ENGLEWOOD — Zoe Bass summed up conditions on Manasota Key beaches in two words Friday:
“Pretty stinky,” Bass said of the stench left by dead fish along the Gulf shoreline and in the water.
Bass, like others, reported dead fish were floating in Lemon Bay and Gasparilla Sound between Placida and Boca Grande. A smattering of dead fish tangled in mats of sea grass and along sea walls floated in a finger canal on the southern end of Manasota Key on Friday.
Fish kills result when the toxic red tide algae, Karenia brevis, concentrations exceed 100,000 cells per liter of water. When cell concentrations reach a million or more, the algae can stain the water a reddish brown.
For more than a week, medium and high concentrations of the algae have turned up in water samples collected by the Florida Fish and Wildlife Conservation Commission from beaches and waterways from Boca Grande north to Longboat Key in Manatee County. The most recent samples posted on the state’s interactive red tide map, collected Tuesday and Wednesday, continued that trend.
Beaches in Venice and Nokomis all showed high concentrations.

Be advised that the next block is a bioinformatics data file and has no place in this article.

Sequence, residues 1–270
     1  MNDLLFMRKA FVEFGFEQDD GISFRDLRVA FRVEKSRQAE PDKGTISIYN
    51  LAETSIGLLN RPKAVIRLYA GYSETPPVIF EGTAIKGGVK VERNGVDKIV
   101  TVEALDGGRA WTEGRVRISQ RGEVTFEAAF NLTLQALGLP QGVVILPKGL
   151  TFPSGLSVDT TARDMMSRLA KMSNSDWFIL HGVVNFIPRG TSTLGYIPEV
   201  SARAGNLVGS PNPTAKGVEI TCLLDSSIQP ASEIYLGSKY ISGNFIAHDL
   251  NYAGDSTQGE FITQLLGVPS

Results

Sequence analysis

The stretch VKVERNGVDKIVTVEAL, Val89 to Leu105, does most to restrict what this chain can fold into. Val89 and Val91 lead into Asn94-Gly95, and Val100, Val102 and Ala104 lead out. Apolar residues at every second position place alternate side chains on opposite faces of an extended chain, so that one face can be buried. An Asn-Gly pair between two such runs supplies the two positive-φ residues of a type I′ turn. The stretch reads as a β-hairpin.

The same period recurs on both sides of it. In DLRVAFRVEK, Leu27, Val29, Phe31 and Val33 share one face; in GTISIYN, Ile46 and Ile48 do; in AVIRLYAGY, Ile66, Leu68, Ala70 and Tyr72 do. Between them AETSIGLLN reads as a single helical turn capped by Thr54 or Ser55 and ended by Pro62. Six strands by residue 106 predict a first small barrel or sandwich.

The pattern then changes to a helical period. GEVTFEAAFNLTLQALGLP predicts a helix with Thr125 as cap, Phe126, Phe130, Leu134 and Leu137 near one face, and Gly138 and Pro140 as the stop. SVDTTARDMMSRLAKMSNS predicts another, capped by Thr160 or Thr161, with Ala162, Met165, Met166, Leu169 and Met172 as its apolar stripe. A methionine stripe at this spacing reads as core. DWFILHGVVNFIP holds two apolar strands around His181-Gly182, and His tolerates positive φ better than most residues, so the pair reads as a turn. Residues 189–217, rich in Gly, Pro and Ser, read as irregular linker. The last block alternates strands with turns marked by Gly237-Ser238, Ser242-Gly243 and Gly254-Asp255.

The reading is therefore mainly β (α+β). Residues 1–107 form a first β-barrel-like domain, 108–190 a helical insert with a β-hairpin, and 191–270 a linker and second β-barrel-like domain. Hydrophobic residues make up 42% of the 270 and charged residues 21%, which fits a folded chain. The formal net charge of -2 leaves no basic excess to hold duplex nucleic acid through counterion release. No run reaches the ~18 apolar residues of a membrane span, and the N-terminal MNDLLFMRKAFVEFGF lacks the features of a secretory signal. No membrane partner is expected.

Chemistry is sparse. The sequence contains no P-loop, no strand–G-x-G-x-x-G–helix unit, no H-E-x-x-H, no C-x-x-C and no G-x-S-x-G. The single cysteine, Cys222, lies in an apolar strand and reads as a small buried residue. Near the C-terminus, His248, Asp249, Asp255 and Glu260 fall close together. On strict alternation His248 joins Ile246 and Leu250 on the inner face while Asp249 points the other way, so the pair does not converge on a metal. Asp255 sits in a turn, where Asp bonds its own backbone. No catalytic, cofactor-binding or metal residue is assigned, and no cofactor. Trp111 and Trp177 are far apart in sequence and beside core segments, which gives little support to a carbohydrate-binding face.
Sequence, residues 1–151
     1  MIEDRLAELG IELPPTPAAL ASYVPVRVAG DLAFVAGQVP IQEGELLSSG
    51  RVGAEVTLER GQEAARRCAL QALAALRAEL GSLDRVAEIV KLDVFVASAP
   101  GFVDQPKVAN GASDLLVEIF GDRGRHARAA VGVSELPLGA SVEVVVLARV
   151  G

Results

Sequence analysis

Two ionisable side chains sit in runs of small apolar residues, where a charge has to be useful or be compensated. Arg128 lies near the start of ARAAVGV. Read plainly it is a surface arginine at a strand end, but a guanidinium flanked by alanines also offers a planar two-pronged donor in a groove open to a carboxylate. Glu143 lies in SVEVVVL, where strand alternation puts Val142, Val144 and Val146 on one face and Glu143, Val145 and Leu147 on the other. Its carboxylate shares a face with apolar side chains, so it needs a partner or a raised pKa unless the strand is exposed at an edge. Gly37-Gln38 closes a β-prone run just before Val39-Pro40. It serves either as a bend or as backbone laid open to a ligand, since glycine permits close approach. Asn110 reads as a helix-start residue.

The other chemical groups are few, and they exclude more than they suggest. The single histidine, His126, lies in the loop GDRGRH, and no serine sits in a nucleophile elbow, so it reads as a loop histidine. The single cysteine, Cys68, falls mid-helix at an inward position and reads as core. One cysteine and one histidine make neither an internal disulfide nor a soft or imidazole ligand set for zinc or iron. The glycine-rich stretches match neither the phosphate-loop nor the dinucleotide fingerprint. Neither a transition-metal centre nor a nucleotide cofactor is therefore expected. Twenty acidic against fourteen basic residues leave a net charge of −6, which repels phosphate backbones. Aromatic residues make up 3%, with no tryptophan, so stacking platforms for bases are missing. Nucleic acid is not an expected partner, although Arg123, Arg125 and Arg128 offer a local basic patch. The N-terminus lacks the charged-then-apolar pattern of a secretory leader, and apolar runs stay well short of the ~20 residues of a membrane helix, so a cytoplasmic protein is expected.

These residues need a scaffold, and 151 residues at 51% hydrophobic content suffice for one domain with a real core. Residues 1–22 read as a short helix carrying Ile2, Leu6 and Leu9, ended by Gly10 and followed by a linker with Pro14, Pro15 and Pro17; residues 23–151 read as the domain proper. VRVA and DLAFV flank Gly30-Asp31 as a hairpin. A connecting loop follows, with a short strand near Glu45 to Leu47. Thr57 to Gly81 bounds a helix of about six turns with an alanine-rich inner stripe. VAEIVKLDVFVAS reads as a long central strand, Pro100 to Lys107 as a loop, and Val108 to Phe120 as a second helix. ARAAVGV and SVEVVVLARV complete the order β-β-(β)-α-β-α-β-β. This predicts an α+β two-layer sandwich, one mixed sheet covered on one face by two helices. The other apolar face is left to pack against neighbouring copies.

Humans can suffer from coughing, respiratory and other ailments when the toxins are airborne.
As one of the two state primary permit holders, Bass oversees Coastal Wildlife Club sea turtle patrol volunteers and patrols the Sarasota County portion of Manasota Key.
While the air stank from decaying fish, Bass said her throat wasn’t irritated Friday from red tide as it normally would be.
Further south at Charlotte County’s public Englewood Beach, Mark Timchula reported on his daily Facebook video how conditions improved from earlier this week.
“Don’t really smell anything this morning,” Timchula said. “It seems much better. Just a little tiny bit in the air.”
His video also caught a glimpse of a Charlotte County crew gathering up dead fish from the shoreline of the public beach that washed up overnight.